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Speech By Mr Raymond Lim, 2nd Minister For Finance At The Committee Of Supply Debate 2006 In Parliament, 1 March 2006 (cont'd)

01 Mar 2006

14. Mr Leow has also raised the issue of Government procurement rules. Our rules aim to achieve value for money in public expenditure through fair and open competition. We do not favour GLCs or SMEs ? fair and open competition. We do not give preference to or discriminate against any supplier, whether local or foreign, large or small, Government-owned or otherwise. Each supplier is assessed on its own merits. We believe this is the best way to grow a strong, resilient and competitive business. I believe that a vibrant SME sector is an important part of the economy. SMEs do face some inherent difficulties due to their size. They are small and so they have certain inherent disadvantages. Competition from bigger companies is inevitable. The way to help them is not to give them preferential treatment on Government contracts, but to enhance their capabilities and opportunities to better compete.

15. Sir, in response to Mr Leow's question as to what are some of the things we are trying to do to facilitate SMEs to better compete, what we have sought to do is to make it easier for them to participate in the Government procurement market. First, we have amended our rules so that we no longer require a track record for the purpose of registration as a Government supplier. New start-ups and SMEs can now register and bid for Government procurement tenders straight off. Second, SMEs can join forces by forming consortia to bid for high value tenders without forgoing their individual identities. To facilitate SMEs coming together to participate in such tenders, MOF has issued a new set of guidelines to recognise the combined strength of smaller companies. Third, on 1st April 2005, suppliers were given one free user account for GeBiz, the Government's e-procurement portal which all suppliers of products and services to the Government are expected to use. This helps cut business cost for the suppliers, especially SMEs. From 1st April 2005 to 1st December 2005, the number of suppliers registered with GeBiz as a trading partner has increased from 11,000 to 17,500, a 59% increase.

16. Now the good news is, and this is in reference to his point on whether GLCs get more contracts than SMEs, that our smaller enterprises, our SMEs, have fared well against the competition when it comes to Government tenders. Out of 374 Government tender contracts below $100,000, awarded between April and November last year, 70% went to companies with net assets below $250,000.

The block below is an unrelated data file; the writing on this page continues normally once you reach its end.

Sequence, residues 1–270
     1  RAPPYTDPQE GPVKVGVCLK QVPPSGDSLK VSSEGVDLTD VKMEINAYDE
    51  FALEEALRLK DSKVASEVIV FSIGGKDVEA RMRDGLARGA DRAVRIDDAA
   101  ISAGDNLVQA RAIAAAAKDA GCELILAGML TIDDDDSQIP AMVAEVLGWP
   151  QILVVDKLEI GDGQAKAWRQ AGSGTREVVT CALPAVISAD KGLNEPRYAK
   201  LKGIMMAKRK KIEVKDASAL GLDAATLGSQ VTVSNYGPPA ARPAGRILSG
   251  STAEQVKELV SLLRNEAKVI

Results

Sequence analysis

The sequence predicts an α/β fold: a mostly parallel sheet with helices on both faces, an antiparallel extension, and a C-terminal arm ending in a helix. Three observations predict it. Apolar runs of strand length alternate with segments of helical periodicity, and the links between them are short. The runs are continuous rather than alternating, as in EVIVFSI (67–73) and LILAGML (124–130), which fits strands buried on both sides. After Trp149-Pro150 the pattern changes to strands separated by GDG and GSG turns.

17. Next, let me touch on what Mr Wee Siew Kim brought up on public-private partnership or public finance initiatives, as he referred to them. This is another form of Government procurement. PPPs are long term partnering relationships where we bring together the expertise and resources of the public and private sectors to deliver services to the public at the best value for money. We have awarded four PPP tenders to-date. It will take time to fully evaluate the benefits. But the early results are encouraging. For instance, taking the PPP approach for the desalination and NeWater project has helped to lower the overall cost of water. By leaving the choice of desalination technology to the private sector, PUB was able to purchase desalinated water at a price which is highly competitive internationally. The PPP tender for the NeWater project also yielded very favourable tariffs. The guideline is that PPPs should be considered for all projects above $50 million in capital value. Given their scale, the PPP providers tend to be a consortium. SMEs can participate in the PPP consortium as partners, contractors or subcontractors. Our first PPP project to supply desalinated water to PUB was, in fact, awarded to Hyflux, a home-grown local enterprise. Hyflux's Chief Executive, Olivia Lum, said that the PPP scheme had actually made it easier for the SMEs to participate in such large scale projects. I asked her when we had the launch of the PPP scheme and she said it is because of the consortium arrangement where the main company is likely to outsource work to other smaller companies without these smaller companies having to go through a tendering process.